© Ian Lawton 2020
In the Western world we’re pretty familiar with the book of Genesis from the Old Testament. How God created the world in six days, and rested on the seventh. How he created the first man, Adam, and then his companion Eve. How Adam’s descendants acted as patriarchs overseeing human affairs up to the time of the great flood, which God sent to destroy humankind. How Noah was spared in the ark and went on to father the new human race.
Over the last few centuries, spurred on by Darwin and the breakthroughs of scientists in all fields who‘ve followed in his footsteps, we’ve increasingly been told to reject all of this as nothing more than a fable constructed to foster a religious outlook in simple people – and it’s probably not unreasonable that any traditionalist who still insists the world was created in 4004 BCE receives pretty short shrift.
Yet many post-flood biblical traditions originally dismissed as mere stories were validated in the late nineteenth century when Mesopotamian cities mentioned in the Old Testament – for example Nineveh, Erech and Ur – were unearthed by intrepid explorers such as Sir Austen Henry Layard and Sir Leonard Woolley. Similarly the discovery of Troy by Heinrich Schliemann, and of the Minoan civilisation in Knossos on Crete by Sir Arthur Evans, proved that settlements had existed at both sites since around 3000 BCE, forcing a similar revision of orthodox thinking about certain Greek traditions. These wonderful breakthroughs came from the dedication and bloody-mindedness of pioneers who refused to accept the conventional wisdom. In that time it has also become clear that reports of a catastrophic flood exist not just in the Bible but also in sacred texts from all around the world. Meanwhile various researchers have attempted to show that these are backed up by geological evidence, to such an extent that in recent decades the idea has received widespread publicity and a fair degree of acceptance.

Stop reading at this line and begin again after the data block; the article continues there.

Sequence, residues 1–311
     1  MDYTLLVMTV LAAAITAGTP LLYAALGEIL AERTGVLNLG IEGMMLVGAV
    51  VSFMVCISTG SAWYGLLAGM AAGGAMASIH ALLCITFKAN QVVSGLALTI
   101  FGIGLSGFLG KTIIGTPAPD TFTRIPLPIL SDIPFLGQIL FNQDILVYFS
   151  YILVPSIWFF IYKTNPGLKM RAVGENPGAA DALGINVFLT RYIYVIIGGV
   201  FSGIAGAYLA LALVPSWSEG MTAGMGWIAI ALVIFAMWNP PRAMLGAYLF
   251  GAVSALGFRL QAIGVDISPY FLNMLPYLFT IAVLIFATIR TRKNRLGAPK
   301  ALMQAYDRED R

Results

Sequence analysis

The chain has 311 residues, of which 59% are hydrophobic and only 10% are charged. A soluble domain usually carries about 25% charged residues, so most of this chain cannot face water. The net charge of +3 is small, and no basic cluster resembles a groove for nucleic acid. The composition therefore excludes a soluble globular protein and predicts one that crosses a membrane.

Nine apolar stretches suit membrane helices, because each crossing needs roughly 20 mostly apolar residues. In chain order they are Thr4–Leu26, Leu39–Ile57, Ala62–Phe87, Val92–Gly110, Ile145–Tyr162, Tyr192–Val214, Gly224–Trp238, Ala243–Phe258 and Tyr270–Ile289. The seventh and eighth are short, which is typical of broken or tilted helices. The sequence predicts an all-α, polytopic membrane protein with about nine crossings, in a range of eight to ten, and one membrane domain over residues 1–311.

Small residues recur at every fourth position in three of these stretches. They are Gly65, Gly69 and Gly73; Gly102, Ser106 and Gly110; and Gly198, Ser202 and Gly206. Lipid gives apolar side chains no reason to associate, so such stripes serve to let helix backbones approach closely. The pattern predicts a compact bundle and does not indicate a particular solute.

As a result of all this in the mid-1990s, in my formative years as a writer and researcher, I became fascinated by the possibility that the sparse and enigmatic record of a widespread pre-flood culture in the early chapters of Genesis might also contain some element of truth. So I set myself the challenge of unearthing as many of the ancient texts and indigenous traditions from around the world as I could, to find out what the rest of our ancestors might have to say about any early race of people on our planet who were wiped out by some sort of major catastrophe.
Figure 1: The Common Themes in Ancient Texts Around the World
Most of my original research was undertaken in the days before the internet made it so incredibly easy, and I was often spending weeks at a time in the British Library poring over obscure anthropological studies and other rare manuscripts. But I became increasingly enthralled as I discovered that various ancient cultures right across the globe preserve a tradition of a forgotten race that was originally highly spiritual but degenerated until it was wiped out. As can be seen from Figure 1 these traditions are far more widespread than is sometimes recognised. Were all these too just simple fables put together by relatively primitive, superstitious cultures, or did they contain some grain of truth? Intuitively I felt the latter might just be true.
Having said that, in any study of this kind we must proceed with extreme caution. Nowhere was this brought home to me more than by the issue of the so-called ‘King Lists’ from Ancient Mesopotamia, Egypt and China, which acted as the forerunners for the biblical list of pre-flood patriarchs. Originally I was excited by these as potential proof of a pre-catastrophe civilisation – until, that is, I was confronted by the cold, hard scholarship of Garrett Fagan, professor of ancient history at Penn State University: